As explained in this column two weeks ago, NHK news decided, for reasons unknown, not to cover the man who set himself on fire near Shinjuku Station to protest the collective self-defense decision, but “Closeup Gendai” often takes the government to task for decisions its regular news programs never question. Some NHK documentaries speak truth to power, but there was that “NHK Special” aired last Sunday that was simply a regurgitation of the LDP’s position on collective self-defense. There are different entities within the organization, so even if NHK’s top brass toes the line, individual production units do what they want up to a point.
Regardless of whether or not an apology was given, the Suga interview was broadcast live and is still available on demand, and it at least had a semblance of professional spontaneity. What’s most annoying about NHK information programming is its pre-digested quality.
But it’s not a problem limited to NHK. Friday’s claim that the broadcaster caved under government pressure for doing its job avoids the larger matter of the mainstream media’s absence of rigor. Kuniya could have been more effective in her interrogation, but she did try to pin down Suga, who, in accordance with what Asahi Shimbun has described as the Abe media strategy, kept sidestepping her questions.
Why they need to do this is a mystery. Though the Cabinet’s means of approving the right of collective self-defense might be suspect, practically speaking the Self-Defense Forces remain limited by the Constitution with regard to what they can do overseas, even if the right of collective self-defense is made into law, so Abe’s tactics may have less to do with obfuscation than with a lack of verbal skills — or even knowledge.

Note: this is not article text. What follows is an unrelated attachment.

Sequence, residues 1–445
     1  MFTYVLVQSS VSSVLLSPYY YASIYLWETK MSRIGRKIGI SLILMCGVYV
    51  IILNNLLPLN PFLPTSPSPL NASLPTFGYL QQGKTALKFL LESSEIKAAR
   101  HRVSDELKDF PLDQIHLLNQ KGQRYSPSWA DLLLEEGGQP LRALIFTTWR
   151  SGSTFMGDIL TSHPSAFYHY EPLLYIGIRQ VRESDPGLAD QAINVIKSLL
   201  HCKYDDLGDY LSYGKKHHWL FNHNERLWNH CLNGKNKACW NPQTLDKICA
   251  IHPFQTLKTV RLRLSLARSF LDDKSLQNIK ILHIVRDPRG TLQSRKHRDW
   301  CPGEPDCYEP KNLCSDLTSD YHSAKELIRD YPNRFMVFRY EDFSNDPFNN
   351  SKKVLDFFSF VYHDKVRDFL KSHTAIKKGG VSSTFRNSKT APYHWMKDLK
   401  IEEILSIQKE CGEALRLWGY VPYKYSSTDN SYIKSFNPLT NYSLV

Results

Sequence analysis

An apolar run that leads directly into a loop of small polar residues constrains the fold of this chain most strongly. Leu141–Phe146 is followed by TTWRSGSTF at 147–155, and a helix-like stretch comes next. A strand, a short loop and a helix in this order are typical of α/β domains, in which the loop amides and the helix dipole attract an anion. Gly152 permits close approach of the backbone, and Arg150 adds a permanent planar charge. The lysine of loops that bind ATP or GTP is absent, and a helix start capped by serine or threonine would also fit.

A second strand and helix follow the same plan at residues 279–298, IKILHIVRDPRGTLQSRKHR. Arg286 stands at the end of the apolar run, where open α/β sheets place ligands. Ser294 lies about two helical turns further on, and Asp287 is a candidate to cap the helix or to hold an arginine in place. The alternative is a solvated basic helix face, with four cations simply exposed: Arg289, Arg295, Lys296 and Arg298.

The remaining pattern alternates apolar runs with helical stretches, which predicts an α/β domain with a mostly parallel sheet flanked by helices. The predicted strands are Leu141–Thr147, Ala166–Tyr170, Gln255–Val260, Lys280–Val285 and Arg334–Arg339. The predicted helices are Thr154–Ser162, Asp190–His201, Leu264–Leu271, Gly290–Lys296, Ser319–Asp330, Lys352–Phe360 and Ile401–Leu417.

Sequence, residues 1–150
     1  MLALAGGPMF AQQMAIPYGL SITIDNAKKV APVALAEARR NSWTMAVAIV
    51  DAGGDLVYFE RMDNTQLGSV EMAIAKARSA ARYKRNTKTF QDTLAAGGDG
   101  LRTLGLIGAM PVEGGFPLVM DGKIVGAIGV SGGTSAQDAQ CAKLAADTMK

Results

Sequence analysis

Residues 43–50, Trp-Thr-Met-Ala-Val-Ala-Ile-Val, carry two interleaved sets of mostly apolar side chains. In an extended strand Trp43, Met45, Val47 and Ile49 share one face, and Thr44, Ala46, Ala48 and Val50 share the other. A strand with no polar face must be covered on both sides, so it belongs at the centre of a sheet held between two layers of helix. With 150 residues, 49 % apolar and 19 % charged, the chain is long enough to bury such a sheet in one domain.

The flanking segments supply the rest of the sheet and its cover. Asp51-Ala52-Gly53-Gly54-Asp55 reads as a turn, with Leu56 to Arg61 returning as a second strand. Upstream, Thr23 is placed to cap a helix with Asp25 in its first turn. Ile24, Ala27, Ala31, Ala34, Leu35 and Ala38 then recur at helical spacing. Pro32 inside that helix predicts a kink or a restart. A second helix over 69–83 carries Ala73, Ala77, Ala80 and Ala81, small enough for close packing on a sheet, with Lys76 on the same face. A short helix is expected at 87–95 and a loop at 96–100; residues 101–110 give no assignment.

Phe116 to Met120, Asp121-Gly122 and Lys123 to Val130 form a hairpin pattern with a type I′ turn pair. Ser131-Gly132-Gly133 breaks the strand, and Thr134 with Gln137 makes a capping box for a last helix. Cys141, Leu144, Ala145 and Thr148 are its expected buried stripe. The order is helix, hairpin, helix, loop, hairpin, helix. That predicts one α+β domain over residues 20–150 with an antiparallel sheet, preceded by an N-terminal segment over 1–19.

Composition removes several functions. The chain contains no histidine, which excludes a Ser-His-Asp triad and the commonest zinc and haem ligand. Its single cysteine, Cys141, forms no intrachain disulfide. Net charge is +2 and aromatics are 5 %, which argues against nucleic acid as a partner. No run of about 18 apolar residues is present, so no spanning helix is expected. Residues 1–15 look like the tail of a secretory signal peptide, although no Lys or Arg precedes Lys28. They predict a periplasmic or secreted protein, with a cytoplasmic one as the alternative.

Asahi said the prime minister’s news conference following the Cabinet decision was controlled in such a way that there was no risk of him having to extemporize. Four of the reporters who asked questions had presumably been pre-screened, because Abe answered them by basically reading from a script. There was one potentially interesting question from an AP reporter, who asked if collective self-defense means a greater “sacrifice” for SDF personnel. Abe said something about how proud he was of the SDF and didn’t address the issue of Japanese soldiers being in harm’s way, but the wording of the question was too vague in the first place.
In his July 6 Tokyo Shimbun column, veteran journalist Jiro Yamaguchi described the news conference in a different way, as one big dictation exercise — reporters scribbling or typing away and nobody asking the most obvious questions, not because they’ve been cowed by authority, but because they “have lost the ability to think.” The public can be forgiven if it seems confused about collective self-defense, since neither the government nor the press act as if they understand it either.
In a time of both misinformation and too much information, quality journalism is more crucial than ever.